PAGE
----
Lessons Learned from My Best Friend

Devils Tower, Wyoming, Sturgis Motorcycle Rally
No regrets!

Tom was my golfing buddy, not my riding buddy, even though once he moved from Miami, Florida to Dahlonega, Georgia he took up riding again.

Tom sold his business and house in Miami and retired to Dahlonega, but more with the thought of such a decision would help him take care of his wife who was ill.


Back in the day, the sixties, Tom lived in Ohio with his parents. He was the stereotypical biker back then: long hair, rode with a denim jacket, smoked a lot of weed, listened to Led Zepplin, would drop acid and ride his motorcycle.

He rode from Ohio to California many times on the spur of the moment. He would jump on his Honda CB 750 that must have felt like a kid’s bike for his tall and lanky six foot plus frame, and ride until he got tired. When it was time to sleep, he would find a nice patch of grass under a shady tree, lay down his blanket, and get some shuteye.

I’ve heard a lot of stories like that from those that rode back in the day, and needless to say it results in me having an ear-to-ear smile and repeating the phrase “that’s crazy.” Times sure have changed.

At some point, Tom became Mr. Corporate, was married twice and had children, and lived the suburban lifestyle. The long hair was gone and replaced with male pattern baldness, no more drugs, drove an SUV, and his motorcycle riding googles were replaced with prescription eyeglasses. But, I still loved to hear his stories.


One weekend he drove down from Georgia and I drove up to Saint Augustine, to live out our dream of playing the TPC Sawgrass Stadium Course in Ponte Vedra. It was a weekend of lots of golf, beer, and talking about the glory days.

After a round of golf, I heard him struggling for air and when asked what that was about, he replied that his doctor had said his neck bone was brushing up against his windpipe, or something like that, making it difficult for him to breath. I said that sounded like b.s. and to go check it out.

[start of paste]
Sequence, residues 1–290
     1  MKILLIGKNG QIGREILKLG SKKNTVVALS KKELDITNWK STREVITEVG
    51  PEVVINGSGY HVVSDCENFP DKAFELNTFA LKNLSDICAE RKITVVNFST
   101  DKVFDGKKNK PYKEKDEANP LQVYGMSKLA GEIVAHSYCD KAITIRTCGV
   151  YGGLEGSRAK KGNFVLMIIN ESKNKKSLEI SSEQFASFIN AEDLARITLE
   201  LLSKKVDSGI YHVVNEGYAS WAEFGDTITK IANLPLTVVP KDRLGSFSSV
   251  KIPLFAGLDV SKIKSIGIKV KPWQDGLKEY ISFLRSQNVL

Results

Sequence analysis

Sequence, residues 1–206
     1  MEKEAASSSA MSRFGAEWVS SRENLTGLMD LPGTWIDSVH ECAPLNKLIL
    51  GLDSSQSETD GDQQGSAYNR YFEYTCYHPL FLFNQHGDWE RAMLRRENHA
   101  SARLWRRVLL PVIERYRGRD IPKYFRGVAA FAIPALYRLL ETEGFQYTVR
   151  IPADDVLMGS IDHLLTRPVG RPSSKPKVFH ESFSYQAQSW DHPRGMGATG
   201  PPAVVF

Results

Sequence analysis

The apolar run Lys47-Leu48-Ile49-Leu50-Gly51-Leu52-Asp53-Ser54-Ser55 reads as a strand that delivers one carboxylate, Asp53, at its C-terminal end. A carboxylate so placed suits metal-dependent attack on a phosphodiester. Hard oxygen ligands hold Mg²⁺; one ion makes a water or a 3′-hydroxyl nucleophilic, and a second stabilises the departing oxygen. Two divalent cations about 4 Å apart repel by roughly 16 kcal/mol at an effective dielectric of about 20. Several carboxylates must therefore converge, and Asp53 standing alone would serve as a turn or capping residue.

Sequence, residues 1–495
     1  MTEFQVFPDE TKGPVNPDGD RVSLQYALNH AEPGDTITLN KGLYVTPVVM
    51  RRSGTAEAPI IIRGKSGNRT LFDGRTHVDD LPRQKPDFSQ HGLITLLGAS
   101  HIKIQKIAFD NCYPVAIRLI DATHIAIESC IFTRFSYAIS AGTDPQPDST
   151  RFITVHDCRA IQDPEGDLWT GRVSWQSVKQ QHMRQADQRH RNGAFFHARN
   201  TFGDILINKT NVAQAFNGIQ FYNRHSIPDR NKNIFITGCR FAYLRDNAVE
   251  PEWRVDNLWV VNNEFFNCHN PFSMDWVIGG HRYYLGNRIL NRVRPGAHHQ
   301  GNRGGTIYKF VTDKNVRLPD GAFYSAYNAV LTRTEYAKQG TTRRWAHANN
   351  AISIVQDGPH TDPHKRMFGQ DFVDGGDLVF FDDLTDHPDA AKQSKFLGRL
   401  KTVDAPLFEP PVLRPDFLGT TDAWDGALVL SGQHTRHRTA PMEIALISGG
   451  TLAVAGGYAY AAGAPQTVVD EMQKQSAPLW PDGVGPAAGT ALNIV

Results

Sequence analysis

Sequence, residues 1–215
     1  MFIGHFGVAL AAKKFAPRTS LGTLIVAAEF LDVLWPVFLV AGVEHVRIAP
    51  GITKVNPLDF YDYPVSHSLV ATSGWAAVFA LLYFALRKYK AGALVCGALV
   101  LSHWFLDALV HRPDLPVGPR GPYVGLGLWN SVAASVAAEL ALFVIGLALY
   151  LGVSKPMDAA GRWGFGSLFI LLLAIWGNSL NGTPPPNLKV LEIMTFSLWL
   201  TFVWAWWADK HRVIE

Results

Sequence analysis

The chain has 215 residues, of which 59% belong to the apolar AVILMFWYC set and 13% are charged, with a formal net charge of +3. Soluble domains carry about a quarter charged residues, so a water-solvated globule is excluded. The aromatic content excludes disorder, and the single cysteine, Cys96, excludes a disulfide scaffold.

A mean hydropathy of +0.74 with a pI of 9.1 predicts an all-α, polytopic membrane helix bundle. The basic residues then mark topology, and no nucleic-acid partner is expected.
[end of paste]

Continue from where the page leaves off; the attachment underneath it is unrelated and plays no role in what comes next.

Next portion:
A couple of months later, Tom called and said I was right; it was something more. It was lung cancer! Tom had stopped smoking twenty years earlier. It was maybe six months later and my best friend was gone.


I miss Tom greatly. When I play golf, sometimes when I hit a good shot, I say out loud, “Tom, I would have kicked your ass today.” If it is a bad shot, then I say “Tom, go f— yourself!”

Even though Tom was maybe twenty-five years older than me, we were best friends. And because of our friendship, I learned many lessons from him whether directly or indirectly. The most important lesson of all; just do it.

When Tom sold his business and home, he was living comfortably financially. Within a couple of years, his Social Security benefits would kick in, and at $2,500 plus, that was more than enough since he didn’t need the money at that point. In addition, his ninety-five year old mother had $2 million in Boeing stock that he would soon inherit.

Tom looked into the future excited. But, the future never came.


So, why did I write this? So that maybe you can learn a lesson. No matter how much money and success you have, you will never accomplish every goal and dream of yours. We simply do not have enough time on earth to do so.

If you want to ride more, than just do so. Find the time, even if it is a quick ride after work.

If you dream of riding a motorcycle, go out and buy one.

If you dream of riding your motorcycle cross-country, then do it! I promised myself that when I turned forty years old, I would trade in my Honda Goldwing and get a Honda Vtx 1800. I did. I also promised myself that I would go to Sturgis. Short on time, my friend and I towed our motorcycles to Nebraska and rode to the rally, spending a week riding through the beautiful Black Hills of South Dakota.

At some point in my life, I made the decision that I would ride cross-country and return to Sturgis when I turned fifty years old. Then I asked myself why did I have to wait till I was fifty? Instead, I rode every single mile on my VTX three years later. I camped in eighteen different states over a twenty-five day period. At times, I can’t believe I did that, and I’m glad I did.


Do I have regrets? Yes! I regret not doing all of this earlier. But, I’ve learned my lesson. And if you don’t go out and purse your dreams, you will have regrets as well. Would you rather have stories to tell about your first motorcycle or your cross-country trip, or regrets?

This blog just ended, so it is time to put your dreams into action.

MC Atty

For prior motorcycle blogs, click here.

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